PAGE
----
Christianity remains a substantive religion in the African continent. With various expressions such as missionary Christianity, indigenous Christianity, and Charismatic Christianity, it remains a critical force in African societies. Christian scholars in post-colonial Africa have engaged important themes in Christianity including the pertinence of African traditional religions, African identity and in the recent decade, postcolonial hermeneutics, and approaches to reading the Bible. Whereas a majority of Kenyans are Christians, there seems to be little evidence in how Christianity engages the politics of the day. It is argued that African Christians, contrary to the historical development of Christianity as well as the holistic worldview of African traditional cultures, have bi-furcated their religion to a private sphere. This paper explores the rich developments of political theology in church history, with particular reference to key African theologians and scholar-practitioners such as Emmanuel Katongole, Sammy Gitari, Damaris Parsitau and Timothy Njoya. By retrieving the global church’s historical thinking on the matter, this paper explores the implications for African societies, including the church, theological institutions, and public life.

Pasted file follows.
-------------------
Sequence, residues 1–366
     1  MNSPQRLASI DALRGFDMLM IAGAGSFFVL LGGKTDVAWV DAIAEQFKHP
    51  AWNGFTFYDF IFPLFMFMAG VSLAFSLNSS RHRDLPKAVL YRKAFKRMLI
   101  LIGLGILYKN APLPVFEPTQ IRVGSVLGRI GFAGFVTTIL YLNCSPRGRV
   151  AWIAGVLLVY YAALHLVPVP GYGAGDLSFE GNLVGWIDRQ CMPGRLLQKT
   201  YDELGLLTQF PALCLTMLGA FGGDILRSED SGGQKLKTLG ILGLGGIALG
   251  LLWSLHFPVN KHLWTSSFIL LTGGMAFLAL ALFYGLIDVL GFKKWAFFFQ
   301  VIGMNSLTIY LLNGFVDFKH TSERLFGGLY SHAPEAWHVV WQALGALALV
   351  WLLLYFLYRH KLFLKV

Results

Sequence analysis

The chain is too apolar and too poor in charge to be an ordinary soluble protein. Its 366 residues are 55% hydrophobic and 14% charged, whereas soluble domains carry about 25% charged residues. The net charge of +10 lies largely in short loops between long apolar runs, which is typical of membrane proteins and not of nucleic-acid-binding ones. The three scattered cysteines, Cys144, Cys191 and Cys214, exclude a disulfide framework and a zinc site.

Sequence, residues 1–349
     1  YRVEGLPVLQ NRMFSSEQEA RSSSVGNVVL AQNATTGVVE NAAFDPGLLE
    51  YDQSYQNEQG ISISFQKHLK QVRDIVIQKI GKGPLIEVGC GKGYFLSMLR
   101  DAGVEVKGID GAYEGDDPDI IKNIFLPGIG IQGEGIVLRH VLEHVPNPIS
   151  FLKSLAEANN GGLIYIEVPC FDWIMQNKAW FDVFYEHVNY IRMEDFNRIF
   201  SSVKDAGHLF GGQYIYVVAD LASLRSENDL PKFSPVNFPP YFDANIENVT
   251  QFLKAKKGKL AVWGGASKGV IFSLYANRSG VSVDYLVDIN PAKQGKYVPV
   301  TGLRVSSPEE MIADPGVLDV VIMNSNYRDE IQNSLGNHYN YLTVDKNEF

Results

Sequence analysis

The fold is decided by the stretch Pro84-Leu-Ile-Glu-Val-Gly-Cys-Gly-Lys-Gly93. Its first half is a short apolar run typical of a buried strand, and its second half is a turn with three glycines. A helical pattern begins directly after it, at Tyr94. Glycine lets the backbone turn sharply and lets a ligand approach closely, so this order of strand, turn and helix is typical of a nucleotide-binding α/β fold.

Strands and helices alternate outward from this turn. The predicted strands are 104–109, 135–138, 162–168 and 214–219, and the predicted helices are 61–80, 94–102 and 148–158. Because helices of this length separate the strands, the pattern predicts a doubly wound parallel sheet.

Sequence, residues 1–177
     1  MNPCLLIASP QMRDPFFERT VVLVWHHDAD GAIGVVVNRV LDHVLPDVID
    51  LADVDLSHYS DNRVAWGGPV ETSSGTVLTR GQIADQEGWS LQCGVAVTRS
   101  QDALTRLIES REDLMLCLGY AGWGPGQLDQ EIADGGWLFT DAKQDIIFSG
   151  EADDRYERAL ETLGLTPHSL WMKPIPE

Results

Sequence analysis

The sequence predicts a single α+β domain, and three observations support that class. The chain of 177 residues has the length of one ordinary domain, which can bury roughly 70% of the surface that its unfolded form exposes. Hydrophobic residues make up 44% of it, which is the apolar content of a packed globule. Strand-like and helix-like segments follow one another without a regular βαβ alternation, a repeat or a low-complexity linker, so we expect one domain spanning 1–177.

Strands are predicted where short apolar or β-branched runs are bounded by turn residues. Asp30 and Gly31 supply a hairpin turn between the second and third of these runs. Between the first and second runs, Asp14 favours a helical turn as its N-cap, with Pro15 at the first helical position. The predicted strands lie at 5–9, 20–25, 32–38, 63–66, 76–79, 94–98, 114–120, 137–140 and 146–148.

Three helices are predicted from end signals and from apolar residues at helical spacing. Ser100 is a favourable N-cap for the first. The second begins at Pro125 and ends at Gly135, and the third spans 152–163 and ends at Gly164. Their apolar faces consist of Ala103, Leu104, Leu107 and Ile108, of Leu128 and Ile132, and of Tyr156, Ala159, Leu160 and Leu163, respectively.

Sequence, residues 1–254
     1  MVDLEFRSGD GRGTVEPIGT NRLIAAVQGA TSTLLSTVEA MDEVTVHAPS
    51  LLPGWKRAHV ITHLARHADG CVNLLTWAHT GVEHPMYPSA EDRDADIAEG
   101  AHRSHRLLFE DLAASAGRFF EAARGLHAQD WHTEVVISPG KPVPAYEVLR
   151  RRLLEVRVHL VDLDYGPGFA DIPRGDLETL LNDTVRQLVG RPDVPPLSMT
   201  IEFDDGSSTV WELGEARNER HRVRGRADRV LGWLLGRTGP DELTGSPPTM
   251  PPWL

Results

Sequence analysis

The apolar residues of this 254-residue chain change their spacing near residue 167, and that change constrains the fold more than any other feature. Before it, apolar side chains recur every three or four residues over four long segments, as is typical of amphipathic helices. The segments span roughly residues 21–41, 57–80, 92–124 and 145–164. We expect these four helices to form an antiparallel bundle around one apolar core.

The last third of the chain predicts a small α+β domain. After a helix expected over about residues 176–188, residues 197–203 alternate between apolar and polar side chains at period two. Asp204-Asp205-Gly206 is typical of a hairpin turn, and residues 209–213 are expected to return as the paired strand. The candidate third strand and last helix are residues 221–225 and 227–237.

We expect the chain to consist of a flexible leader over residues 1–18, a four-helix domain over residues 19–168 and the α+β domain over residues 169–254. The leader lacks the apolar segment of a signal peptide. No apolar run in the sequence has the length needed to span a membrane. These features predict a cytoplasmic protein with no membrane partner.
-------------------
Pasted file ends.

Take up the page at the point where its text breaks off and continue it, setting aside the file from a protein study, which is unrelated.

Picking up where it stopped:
Key words: African Christianity, African theology, church and state, political theology, religion and society, world Christianity.
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